“My song is love unknown,
My Savior’s love to me,
Love to the loveless shown,
That they might lovely be.
O who am I,
That for my sake
My Lord should take
Frail flesh, and die?”
My song is love unknown is a big song with an attractive tune (Love unknown) by the notable English composer John Ireland. The story goes that he composed it over lunch one day in 1918 while out with the organist and music editor, Geoffrey Shaw. Shaw was looking for a tune to go with the hymn, which he wished to include in The Public School Hymn Book of 1919.
The words are by Samuel Crossman (1624-1683) who became Dean of Bristol Cathedral. He received a Bachelor of Divinity at Pembroke College, Cambridge. He then served both an Anglican parish at All Saints, Sudbury, and a Puritan congregation.
Crossman sympathised with the Puritan cause as a dissenting religious body within the context of the Anglican Church of England. He participated in the 1661 Savoy Conference, which attempted to revise the Book of Common Prayer so that it could serve both Puritans and Anglicans.
The Conference was unsuccessful, and the 1662 Act of Uniformity expelled some 2,000 Anglican ministers, including Crossman. He recanted and was soon ordained in 1665, becoming a royal chaplain. He was called to a position in Bristol in 1667 and became Dean of Bristol Cathedral in 1683.
This poignant meditation of the Passion of Christ was published just before Crossman’s ordination, in The Young Man’s Meditation (1664).
This short book of poems was reprinted in 1683, and the poem appeared for the first time as a hymn in the Anglican Hymn Book in 1686, just two years after the author’s death.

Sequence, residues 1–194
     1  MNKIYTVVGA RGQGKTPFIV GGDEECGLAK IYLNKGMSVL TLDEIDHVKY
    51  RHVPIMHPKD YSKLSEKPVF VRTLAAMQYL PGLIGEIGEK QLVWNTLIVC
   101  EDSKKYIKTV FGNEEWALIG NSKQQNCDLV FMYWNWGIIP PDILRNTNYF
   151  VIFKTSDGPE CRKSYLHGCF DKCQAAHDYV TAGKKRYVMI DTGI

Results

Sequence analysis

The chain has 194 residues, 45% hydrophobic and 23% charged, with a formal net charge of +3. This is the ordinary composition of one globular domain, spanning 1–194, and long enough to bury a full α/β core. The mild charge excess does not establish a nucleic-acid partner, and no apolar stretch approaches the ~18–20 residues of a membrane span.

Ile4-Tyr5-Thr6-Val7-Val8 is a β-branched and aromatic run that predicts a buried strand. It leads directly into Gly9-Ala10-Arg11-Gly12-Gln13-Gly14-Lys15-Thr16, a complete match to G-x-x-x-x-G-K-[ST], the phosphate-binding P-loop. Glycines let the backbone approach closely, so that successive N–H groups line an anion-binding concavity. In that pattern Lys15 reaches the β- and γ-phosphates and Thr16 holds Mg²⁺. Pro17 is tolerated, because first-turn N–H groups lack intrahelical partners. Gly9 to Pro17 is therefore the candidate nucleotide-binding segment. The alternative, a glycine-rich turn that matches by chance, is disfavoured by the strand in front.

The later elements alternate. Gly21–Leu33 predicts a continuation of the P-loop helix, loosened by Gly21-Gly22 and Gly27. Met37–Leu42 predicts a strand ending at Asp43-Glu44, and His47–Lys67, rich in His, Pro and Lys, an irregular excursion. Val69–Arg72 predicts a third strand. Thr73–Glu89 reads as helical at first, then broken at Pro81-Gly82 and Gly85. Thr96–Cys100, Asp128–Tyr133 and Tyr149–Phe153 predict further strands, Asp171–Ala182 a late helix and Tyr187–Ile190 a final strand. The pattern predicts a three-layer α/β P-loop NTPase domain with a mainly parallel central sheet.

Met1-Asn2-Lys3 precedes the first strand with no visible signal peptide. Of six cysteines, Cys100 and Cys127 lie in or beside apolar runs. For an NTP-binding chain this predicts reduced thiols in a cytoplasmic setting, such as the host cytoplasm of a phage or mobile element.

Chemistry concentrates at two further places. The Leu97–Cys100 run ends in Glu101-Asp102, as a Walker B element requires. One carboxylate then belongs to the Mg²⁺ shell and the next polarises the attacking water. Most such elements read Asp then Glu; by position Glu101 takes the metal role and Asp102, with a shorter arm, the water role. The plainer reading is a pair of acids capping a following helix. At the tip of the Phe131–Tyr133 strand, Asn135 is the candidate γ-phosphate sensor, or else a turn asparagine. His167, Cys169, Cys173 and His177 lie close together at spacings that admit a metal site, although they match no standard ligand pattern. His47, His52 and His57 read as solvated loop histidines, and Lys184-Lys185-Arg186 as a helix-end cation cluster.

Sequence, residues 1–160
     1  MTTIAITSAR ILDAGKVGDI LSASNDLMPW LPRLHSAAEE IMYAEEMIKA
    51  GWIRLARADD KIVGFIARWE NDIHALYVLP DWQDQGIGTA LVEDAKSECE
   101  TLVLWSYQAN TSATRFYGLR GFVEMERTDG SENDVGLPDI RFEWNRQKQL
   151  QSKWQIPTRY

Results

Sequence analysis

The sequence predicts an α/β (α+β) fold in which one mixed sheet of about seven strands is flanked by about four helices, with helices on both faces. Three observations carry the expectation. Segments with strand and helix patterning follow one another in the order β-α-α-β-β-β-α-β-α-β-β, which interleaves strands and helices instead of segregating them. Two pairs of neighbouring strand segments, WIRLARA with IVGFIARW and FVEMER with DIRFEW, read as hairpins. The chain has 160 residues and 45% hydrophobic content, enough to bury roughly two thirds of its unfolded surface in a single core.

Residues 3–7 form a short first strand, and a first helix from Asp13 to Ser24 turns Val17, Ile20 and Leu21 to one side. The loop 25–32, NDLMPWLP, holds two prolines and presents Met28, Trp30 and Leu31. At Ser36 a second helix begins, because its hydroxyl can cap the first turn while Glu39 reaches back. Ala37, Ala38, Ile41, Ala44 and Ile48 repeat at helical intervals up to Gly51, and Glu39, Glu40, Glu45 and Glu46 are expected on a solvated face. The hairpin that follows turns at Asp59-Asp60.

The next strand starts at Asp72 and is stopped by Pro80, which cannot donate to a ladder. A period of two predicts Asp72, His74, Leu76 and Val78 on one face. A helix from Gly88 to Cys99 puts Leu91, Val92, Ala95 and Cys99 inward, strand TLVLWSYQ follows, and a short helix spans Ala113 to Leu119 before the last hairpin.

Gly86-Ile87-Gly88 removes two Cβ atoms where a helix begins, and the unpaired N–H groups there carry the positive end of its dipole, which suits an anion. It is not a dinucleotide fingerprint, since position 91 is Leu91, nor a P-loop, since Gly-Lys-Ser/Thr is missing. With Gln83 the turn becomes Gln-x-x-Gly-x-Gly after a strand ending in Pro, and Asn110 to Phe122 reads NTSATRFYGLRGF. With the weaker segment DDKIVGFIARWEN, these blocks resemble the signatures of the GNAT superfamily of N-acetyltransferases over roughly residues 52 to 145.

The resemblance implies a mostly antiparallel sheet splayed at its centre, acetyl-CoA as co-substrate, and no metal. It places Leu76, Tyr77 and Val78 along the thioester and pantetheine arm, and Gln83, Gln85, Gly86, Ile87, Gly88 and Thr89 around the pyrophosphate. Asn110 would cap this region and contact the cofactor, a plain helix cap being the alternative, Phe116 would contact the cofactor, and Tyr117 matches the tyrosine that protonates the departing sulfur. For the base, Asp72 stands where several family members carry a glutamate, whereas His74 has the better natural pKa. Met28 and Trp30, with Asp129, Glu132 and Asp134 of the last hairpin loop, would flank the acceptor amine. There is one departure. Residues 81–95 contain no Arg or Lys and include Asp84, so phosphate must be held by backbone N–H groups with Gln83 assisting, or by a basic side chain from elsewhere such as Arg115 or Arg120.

The original poem has seven stanzas, taking the singer from Palm Sunday through the crucifixion. It re-tells the story of Jesus’ life (drawing mainly from the Gospel of Matthew, for example Matthew: 27) from a highly personal point of view – as if the singer were witnessing the events at first hand.
There is an almost conversational quality about the second half of some of the verses, with their short halting phrases that the tune reinforces: “But O my Friend, / my Friend indeed…” (v.2); “What may I say? / Heaven was his home…” (v.6). The tune also draws out the underlying grief of the meditation, which is only resolved, in the final verse, by the opportunity to live in uninterrupted relationship with “my Friend”: “This is my Friend, / in whose sweet praise / I all my days / could gladly spend.”
But its purpose is not simply to retell the events of the Passion. From the beginning, we find that this is a love song—sung to the Saviour who demonstrated pure love, even to the “love-less” so that they might be “love-ly”.
The poet freely inserts his own perspective into the story:
“But oh, my friend,
My friend indeed,
Who at my need
His life did spend.” [Stanza two]
The final stanza continues the metaphor of song introduced in stanza one:
“Here might I stay and sing,
No story so divine;
Never was love, dear King,
Never was grief like Thine!
This is my Friend,
In whose sweet praise
I all my days
Could gladly spend.”
The powerful use of irony comes into play in the original stanza four, which begins with two questions: “Why, what hath my Lord done? What makes this rage and spite?” His only crime was that he healed those in need—“He made the lame to run” and “gave the blind their sight.”
In stanza five of the original, the ultimate paradox comes into play: The King, the Lord, the “Prince of Life” becomes a powerless victim in death.
Those who can locate the original poem online will find it is one of the finest devotional poems in helping us meditate on the Passion.Jump to next article